I’ve been on an “authorpreneur” kick lately, which basically means I’ve been focusing more on the “running a business” side of things than on the “writing more books” side.

Really, in an ideal world, I’d be able to do both. I’m getting there, but for now I usually have “writing” days and “everything else” days.

One of the items I’m attending to on the “everything else” days is book translations.

In an ever more worldwide culture and economy, it’s important to realize that not only are there English-speaking (and reading) people all over the world, there are lots of people who want to read your work in their native language.

For me, that means I have to have my work translated.

Translations can be a great revenue stream

For us fiction writers, having your work translated to another language can be a great boost to sales. I’ve noticed more interest in my English titles in general, thanks to having translations of them for sale in international markets.

Since “books are forever,” your work can be translated into another language, forgotten, then found again years later — all in time to start paying you royalties.

Books are products, and they stick around until you decide to remove them for sale. By adding translated versions of your books to the marketplace, you’re only increasing your chances of a reader finding it, at little (or no) cost to you.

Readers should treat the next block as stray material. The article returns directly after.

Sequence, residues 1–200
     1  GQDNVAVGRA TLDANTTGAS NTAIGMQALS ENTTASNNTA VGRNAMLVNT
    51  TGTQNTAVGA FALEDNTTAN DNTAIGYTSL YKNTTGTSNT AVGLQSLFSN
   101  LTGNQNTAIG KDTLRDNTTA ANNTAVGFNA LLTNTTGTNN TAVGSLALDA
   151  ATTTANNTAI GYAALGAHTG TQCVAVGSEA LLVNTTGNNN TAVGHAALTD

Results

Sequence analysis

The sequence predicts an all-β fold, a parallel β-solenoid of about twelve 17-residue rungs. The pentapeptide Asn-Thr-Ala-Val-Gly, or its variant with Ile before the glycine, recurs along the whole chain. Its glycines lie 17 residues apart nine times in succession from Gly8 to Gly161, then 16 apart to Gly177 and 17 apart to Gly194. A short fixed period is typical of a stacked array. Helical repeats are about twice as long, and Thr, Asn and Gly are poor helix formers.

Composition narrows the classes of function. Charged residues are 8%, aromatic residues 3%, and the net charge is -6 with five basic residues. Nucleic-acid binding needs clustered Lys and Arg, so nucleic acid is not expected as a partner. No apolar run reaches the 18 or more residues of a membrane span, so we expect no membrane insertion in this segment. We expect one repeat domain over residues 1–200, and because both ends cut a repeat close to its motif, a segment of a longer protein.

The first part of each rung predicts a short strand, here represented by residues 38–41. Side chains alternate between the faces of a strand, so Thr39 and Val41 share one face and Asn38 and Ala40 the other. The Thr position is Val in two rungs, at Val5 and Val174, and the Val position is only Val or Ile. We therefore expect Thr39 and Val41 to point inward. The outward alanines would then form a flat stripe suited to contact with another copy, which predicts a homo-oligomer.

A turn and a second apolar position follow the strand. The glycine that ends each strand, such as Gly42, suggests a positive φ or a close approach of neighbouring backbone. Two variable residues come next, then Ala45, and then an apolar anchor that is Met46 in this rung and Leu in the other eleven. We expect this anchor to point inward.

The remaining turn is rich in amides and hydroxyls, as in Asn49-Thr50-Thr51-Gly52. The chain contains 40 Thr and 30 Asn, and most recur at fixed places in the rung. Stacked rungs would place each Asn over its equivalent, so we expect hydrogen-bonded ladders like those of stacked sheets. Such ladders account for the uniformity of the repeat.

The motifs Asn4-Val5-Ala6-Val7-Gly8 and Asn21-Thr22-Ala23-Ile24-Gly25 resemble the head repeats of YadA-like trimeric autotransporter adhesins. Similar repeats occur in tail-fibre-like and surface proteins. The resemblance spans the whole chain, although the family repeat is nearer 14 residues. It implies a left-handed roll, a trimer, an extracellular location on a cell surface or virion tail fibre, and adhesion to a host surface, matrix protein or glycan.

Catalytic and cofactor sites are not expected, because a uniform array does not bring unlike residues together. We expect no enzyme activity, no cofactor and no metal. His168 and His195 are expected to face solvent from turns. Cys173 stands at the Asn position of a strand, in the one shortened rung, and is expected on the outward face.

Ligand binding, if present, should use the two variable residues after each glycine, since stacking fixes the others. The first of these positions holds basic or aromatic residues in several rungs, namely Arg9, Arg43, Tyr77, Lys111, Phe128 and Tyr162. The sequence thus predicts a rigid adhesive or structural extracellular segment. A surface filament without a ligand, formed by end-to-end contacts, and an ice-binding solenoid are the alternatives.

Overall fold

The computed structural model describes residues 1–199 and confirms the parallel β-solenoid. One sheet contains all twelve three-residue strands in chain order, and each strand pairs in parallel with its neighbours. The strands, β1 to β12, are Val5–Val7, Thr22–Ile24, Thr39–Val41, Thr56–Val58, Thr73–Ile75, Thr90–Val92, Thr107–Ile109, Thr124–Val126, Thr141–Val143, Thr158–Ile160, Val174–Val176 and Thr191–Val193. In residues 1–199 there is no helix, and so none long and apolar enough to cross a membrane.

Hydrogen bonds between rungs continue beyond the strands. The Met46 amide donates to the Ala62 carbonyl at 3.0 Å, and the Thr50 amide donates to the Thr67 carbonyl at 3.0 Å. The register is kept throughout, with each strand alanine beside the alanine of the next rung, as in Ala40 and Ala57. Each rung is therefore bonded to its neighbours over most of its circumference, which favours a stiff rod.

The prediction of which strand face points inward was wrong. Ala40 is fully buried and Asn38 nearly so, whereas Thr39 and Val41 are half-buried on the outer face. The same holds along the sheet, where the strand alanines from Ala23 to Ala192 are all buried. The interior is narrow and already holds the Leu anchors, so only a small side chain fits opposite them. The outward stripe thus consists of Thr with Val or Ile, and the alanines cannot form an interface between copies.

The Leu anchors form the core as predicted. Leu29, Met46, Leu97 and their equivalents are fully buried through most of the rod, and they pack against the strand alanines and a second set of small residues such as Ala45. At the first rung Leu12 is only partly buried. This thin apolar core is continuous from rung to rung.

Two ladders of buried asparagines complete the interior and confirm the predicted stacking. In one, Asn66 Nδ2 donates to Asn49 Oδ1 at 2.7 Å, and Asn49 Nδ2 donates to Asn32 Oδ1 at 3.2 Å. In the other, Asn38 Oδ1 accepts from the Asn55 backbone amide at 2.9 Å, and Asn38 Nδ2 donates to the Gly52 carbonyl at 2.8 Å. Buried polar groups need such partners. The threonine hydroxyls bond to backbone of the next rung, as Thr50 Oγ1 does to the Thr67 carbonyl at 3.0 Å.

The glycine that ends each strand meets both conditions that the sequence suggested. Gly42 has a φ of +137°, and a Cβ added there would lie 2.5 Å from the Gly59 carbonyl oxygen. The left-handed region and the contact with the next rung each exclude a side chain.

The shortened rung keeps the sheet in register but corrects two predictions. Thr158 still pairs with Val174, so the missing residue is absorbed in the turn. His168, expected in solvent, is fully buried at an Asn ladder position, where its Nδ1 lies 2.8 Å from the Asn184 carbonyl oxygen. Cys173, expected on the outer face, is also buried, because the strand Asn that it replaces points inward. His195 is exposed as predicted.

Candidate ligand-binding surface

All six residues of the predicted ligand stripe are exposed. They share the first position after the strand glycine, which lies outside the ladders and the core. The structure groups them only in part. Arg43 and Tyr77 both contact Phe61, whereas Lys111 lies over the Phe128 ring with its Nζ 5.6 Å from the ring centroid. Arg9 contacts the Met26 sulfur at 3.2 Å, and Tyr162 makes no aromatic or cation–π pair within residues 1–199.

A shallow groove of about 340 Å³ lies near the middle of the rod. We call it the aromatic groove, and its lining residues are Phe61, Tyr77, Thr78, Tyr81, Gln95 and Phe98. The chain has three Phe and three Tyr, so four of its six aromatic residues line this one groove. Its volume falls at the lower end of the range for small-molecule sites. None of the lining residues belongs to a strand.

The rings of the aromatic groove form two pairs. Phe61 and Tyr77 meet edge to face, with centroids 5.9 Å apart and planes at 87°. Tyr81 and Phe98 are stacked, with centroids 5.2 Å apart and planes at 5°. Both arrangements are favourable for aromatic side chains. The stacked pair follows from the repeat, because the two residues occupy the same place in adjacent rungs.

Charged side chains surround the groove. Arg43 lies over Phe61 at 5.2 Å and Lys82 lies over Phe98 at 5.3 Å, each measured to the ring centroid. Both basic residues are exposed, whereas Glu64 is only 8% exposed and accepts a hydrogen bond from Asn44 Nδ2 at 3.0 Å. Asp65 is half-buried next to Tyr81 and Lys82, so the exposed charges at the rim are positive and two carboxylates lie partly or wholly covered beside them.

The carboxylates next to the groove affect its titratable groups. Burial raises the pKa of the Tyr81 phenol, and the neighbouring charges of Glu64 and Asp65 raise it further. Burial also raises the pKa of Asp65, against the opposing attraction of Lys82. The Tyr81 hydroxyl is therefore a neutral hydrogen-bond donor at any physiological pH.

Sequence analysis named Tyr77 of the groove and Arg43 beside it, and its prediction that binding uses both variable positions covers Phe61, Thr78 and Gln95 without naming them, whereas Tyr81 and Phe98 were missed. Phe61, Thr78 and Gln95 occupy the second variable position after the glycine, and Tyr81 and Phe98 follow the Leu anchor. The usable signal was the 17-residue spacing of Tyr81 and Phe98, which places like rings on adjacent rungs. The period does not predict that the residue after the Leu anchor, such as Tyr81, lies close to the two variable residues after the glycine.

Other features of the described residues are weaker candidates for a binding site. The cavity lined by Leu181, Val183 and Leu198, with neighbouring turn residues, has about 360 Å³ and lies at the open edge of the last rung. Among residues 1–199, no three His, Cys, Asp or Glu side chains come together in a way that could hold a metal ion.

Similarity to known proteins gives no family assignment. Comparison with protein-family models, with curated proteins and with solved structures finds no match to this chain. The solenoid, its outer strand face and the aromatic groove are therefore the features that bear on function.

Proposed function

Translations can be a great way to find new markets

They can also be a fantastic way to find new readers, whether or not you’re making a lot of money from your translated works (more on that later!). Just because the Amazon.com (US) market is massive doesn’t mean it’s equally large (or present) in other countries. And just because there might be a similar amount of books available for those people to purchase, not all of them are going to be in their native tongue.

Another upside to having your works translated is that you never know how popular a subject could be somewhere else in the world. Maybe vampires have had their heyday here in the states, but what about in New Guinea?

(I actually have no idea, so if you’re a vampire book fan in New Guinea, please let us know!)

Your book might not make much of a splash here at home, but maybe it’s the next big hit in Germany, Russia, or Brazil?

Translations are a great foray into the world of “authorpreneurship”

A lot has been written and spoken about the term authorpreneurship, which is exactly what it sounds like: a combination of author and entrepreneur. The point of all of it is simple:

“If you’re not focusing on the non-writing aspects of being an author, you’re not being an author.”